The time alignment made a small audible difference on the rock music track but the stereo image was much more solid on the simply miked classical track.
It was a memorable demo, probably the most interesting I have attended.

My feeling is that if you listen mainly to more recent multi microphone recordings mixed down to stereo there isn't much, if any, phase coherent information on the recording to reproduce. If you have lots of old stereo recordings which were captured on 2 carefully positioned microphones it is probably worthwhile.
Multi-channel is a differnt kettle of fish entirely, I have no idea how "real" the acoustics of the hall are on such a mix or to what extent it is entirely synthesised.
 

Lbstyling

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In my opinion they do, though I can see arguments both ways.

The woofer cone acts as a shallow horn for the tweeter's output, constraining its coverage to approximately the angle of the cone itself. Assuming the crossover frequency is about where woofer's dispersion matches the "horn's" coverage angle, the radiation pattern is probably exceptionally uniform from the crossover region on up. Which in my opinion is very good.

As with just about everything in speaker design there are tradeoffs, in my opinion at least. Personally I'd prefer to keep bass excursions out of the tweeter's "horn", like some of the more modern Tannoys do with their dedicated woofers.
Check this out for a mesurement....

This is a new coax 15 inch driver.

Screenshot_2020-07-13-09-36-47-842_com.android.chrome.jpg


Beat that!:oops:
 

Absolute

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How audible is time alignment?

How important is it, really?

I know it's supposed to drastically improve imaging, but those models that seemed to place it first in the design criteria (Dahlquist, Spica, Thiel) didn't end up dominating the speaker world and taking over everything because they were so self-evidently superior.
There's two ways I know to test this;

1. Try a Kii Three where you can switch on and off time-alignment at the click of a button with the Kii Control. Do this blind, take notes and check if you can hear it. I thought I could at times, but not reliable enough in my hostile acoustic environment to be certain.

2. Try with a room-corrected software like Audiolense/Accourate and make the same frequency response with and without absolute time-alignment.
I tried this too and think it's easier to hear the difference, but then again it probably should be as you change the timing/phase at the listening position in a pretty severe manner. Didn't try it with near-field speaker correction, though I can and probably should.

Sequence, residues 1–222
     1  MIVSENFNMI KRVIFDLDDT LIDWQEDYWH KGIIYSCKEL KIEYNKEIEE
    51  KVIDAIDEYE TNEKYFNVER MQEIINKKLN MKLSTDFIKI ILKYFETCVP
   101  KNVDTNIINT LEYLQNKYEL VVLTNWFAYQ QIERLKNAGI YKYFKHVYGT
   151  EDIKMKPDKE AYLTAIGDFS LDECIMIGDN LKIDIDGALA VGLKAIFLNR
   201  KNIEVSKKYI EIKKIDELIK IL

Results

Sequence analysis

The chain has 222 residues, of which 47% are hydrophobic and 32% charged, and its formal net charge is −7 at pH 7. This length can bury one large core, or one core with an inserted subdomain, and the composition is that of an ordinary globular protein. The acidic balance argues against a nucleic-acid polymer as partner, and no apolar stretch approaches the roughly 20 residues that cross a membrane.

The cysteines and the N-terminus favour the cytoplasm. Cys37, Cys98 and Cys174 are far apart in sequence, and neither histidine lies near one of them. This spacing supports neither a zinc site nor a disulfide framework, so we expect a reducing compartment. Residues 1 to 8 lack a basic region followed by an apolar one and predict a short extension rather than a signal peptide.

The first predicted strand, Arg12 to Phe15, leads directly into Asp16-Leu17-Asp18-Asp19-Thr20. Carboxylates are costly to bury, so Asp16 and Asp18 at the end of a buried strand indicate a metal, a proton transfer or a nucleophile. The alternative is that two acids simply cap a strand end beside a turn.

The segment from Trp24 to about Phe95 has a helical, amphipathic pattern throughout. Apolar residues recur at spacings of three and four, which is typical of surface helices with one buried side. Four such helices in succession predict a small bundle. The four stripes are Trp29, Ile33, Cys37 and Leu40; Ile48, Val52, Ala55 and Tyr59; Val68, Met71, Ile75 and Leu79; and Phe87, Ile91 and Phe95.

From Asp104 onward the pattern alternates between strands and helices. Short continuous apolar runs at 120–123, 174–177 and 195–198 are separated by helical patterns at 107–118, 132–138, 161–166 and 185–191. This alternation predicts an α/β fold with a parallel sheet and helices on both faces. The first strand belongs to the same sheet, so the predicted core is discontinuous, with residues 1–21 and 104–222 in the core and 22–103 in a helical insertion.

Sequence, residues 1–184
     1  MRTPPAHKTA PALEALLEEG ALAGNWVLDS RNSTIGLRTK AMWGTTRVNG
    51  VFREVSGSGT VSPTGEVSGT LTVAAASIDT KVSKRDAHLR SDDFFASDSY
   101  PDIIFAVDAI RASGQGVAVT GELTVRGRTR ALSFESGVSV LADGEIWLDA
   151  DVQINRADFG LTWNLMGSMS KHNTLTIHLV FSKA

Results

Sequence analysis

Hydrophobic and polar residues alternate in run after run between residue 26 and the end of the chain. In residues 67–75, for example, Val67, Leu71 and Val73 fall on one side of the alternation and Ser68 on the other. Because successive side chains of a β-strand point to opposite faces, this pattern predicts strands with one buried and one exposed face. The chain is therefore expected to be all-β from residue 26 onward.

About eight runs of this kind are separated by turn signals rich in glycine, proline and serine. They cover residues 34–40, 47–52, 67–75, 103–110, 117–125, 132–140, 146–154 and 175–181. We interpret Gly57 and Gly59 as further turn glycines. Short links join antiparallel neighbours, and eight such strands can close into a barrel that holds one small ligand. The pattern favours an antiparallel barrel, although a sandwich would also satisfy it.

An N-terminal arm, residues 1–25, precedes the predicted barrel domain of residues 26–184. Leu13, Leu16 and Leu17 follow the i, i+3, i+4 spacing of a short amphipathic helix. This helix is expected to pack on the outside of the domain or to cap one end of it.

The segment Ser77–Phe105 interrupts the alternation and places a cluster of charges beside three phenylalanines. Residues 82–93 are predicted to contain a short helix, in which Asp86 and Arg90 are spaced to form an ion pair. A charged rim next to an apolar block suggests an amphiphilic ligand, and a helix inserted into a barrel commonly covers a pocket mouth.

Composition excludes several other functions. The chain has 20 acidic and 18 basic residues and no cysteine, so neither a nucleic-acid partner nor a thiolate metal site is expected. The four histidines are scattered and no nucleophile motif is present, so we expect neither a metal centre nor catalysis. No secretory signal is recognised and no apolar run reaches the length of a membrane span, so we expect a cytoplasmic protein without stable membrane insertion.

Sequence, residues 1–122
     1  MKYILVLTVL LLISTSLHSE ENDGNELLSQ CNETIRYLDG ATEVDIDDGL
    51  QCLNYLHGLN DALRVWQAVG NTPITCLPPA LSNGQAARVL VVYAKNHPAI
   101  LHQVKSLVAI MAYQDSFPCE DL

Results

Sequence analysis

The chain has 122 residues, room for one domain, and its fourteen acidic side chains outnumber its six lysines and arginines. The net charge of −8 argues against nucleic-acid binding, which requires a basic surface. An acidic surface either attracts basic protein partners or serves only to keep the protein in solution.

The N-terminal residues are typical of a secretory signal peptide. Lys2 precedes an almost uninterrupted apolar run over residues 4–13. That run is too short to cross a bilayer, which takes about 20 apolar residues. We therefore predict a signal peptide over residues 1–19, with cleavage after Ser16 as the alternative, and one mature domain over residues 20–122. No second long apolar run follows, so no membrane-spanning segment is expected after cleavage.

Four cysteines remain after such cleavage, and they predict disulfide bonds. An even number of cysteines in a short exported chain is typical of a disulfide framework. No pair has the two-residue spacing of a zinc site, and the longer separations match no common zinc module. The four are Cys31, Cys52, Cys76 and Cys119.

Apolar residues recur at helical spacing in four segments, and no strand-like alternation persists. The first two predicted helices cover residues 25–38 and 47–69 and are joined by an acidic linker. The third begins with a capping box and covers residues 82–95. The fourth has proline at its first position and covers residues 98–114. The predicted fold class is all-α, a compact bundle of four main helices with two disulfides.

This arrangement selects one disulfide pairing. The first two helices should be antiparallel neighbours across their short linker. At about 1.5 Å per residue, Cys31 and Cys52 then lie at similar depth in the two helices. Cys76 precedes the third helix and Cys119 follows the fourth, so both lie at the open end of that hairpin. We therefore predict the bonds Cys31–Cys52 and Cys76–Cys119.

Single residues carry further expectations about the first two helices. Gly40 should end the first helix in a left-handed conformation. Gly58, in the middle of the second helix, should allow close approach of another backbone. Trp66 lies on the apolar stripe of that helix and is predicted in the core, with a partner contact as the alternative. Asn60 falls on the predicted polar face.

Usually I just end up listening to music.
 

Lbstyling

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Can you produce other measurements (f.e. THD, IMD, CSD)?
I thought that would get some attention:p

I asked EricH for distortion data via email, but he doesn't have further data for me.

This is the bass driver that is modified (by eminence)into the Denovo.

https://www.parts-express.com/eminence-beta-15cx-15-coaxial-driver--290-506

Inductance is high, and there is no mention of copper on the pole in the spec, so it will depend on what the modifications

The tweeter is a plastic diaphragm unit:

Celestion CDX1-1731

https://www.parts-express.com/pedocs/specs/294-2138--cdx1-1731-spec-sheet.pdf

I have not found any independent distortion data on either of these driver yet, ( currently praying to the HiFi gods for 'HiFicompass' to get a test sample!!):)

BUT current celestion designs are VERY good for the money (the flagship 1.5inch is possibly the best performing compression driver available)

Eminence are no slouch either, so I'm hopeful its circa -50db or more down at 95db. (Bear in mind this is a VERY efficient driver pair when looking at data. 98db/1w/1m)
 

tuga

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There's two ways I know to test this;

1. Try a Kii Three where you can switch on and off time-alignment at the click of a button with the Kii Control. Do this blind, take notes and check if you can hear it. I thought I could at times, but not reliable enough in my hostile acoustic environment to be certain.

2. Try with a room-corrected software like Audiolense/Accourate and make the same frequency response with and without absolute time-alignment.
I tried this too and think it's easier to hear the difference, but then again it probably should be as you change the timing/phase at the listening position in a pretty severe manner. Didn't try it with near-field speaker correction, though I can and probably should.
Usually I just end up listening to music.
I would rather do prolonged listening, say a week off then back on.
Switching back and forth would require the listener to know which aspects of the sound to focus on, otherwise clutching at straws...